A group of scientists has written to the European Commission to voice concerns about burden of proof and confused evidence requirements to identify and classify endocrine disruptors under the PPP and Biocides Regulations.

Chemicals ‘fitness check’ should improve EU legislation, not water it down

The scope of the European Commission’s Fitness Check on chemicals is limited to a comparison of the “hazard versus risk” approaches in chemicals legislation. This is misguided, writes Dolores Romano, who argues a hazard-based approach can help protect people and the environment while supporting innovation.

Democracy denied: How the Commission keeps people out of lawmaking

With its Better Regulation agenda, the European Commission talks big about making EU decisions more transparent and increasing public participation. But the reality is very different, writes Anaïs Berthier.
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Endocrine disruption: the view of the chemical industry

Endocrine disruption is an important issue of significant public, political and scientific interest. Even though it can give rise to a very emotional debate, policymakers and authorities should deal with endocrine disruptive substances, as with all chemical substances, via a science- and risk-based regulation. Whether a chemical substance can and will cause harm is a fundamental distinction for both authorities and industry in order to effectively protect people and the environment.
Hans-Olaf Henkel from the Alternative for Germany (AfD) party

SOS for science-based EU policy-making

The past few months have not been a triumph for science-based policy making in the EU, writes Hans-Olaf Henkel.

‘Suppressed’ EU report could have banned pesticides worth billions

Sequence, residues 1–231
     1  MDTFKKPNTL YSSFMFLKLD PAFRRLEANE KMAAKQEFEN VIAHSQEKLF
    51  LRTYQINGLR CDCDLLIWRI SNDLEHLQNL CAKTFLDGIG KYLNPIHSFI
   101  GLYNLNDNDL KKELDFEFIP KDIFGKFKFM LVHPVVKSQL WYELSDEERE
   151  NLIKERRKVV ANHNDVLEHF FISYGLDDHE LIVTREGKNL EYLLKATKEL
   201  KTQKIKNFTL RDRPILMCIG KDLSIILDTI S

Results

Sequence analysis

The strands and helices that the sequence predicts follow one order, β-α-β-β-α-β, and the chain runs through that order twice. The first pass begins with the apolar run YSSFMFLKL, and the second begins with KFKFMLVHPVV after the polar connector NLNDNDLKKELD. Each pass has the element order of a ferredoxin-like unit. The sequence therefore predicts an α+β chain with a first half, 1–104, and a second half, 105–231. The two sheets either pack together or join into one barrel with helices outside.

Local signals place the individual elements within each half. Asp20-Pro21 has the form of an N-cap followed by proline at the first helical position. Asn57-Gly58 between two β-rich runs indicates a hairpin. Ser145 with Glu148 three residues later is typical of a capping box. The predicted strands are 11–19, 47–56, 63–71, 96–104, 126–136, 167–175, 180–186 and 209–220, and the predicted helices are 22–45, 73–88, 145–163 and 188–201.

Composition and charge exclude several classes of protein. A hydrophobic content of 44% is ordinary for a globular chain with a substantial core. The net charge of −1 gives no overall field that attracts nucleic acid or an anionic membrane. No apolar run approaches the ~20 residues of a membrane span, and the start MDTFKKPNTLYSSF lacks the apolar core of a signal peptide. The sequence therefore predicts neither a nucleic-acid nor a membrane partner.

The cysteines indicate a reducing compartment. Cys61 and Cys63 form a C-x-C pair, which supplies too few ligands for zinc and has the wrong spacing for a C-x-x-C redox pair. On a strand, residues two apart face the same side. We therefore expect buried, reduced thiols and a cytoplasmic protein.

As many as 31 pesticides with a value running into billions of pounds could have been banned because of potential health risks, if a blocked EU paper on hormone-mimicking chemicals had been acted upon, the Guardian has learned.

Juncker still mulling scientific advice role after Glover’s position axed

The function of Chief Scientific Adviser to the European Commission "has ceased to exist", Anne Glover confirmed yesterday (13 November) but that does not mean the position will not be re-established by the new Commission President Jean-Claude Juncker, EURACTIV understands.
[Photo: Shutterstock]

When science meets politics: the EU’s impact assessment review

The European Commission is reviewing its impact assessment guidelines amid accusations that science is becoming increasingly politicised and scientists manipulated by policymakers and powerful interest groups.
Anne Glover at the 20th European Biomass Conference and Exhibition, 18-22 June 2012 [Photo: European Biomass Conference and Exhibition / Flickr]

Glover: EU chief scientist should stay in the shadows

Anne Glover, the EU’s Chief Scientific Advisor, has said that her opinions to the European Commission should remain independent from politics and therefore “not transparent” and immune from public scrutiny. The incoming Commission chief, Jean-Claude Juncker, is considering to maintain her position after Barroso leaves, EURACTIV understands.
Anne Glover speaking at the Friends of Europe - EU 2050: Europe's Tech Revolution (Photo: Flickr: OB-Pic 043)

EU twisting facts to fit political agenda, chief scientist says

A big challenge for the next European Commission will be to disconnect its evidence gathering processes from the “political imperative” that’s driving policy proposals, according to Anne Glover, the EU’s chief scientific advisor.

When politics trumps science: The curious case of the EU’s GMO authorisation system

Policy makers generally trust the scientific recommendations of independent EU agencies. But in the GMO area, a vicious circle of lack of approvals and decreased trust in the technology is being perpetuated, leading to a negative precedent of “politics over science”, writes Nathalie Moll.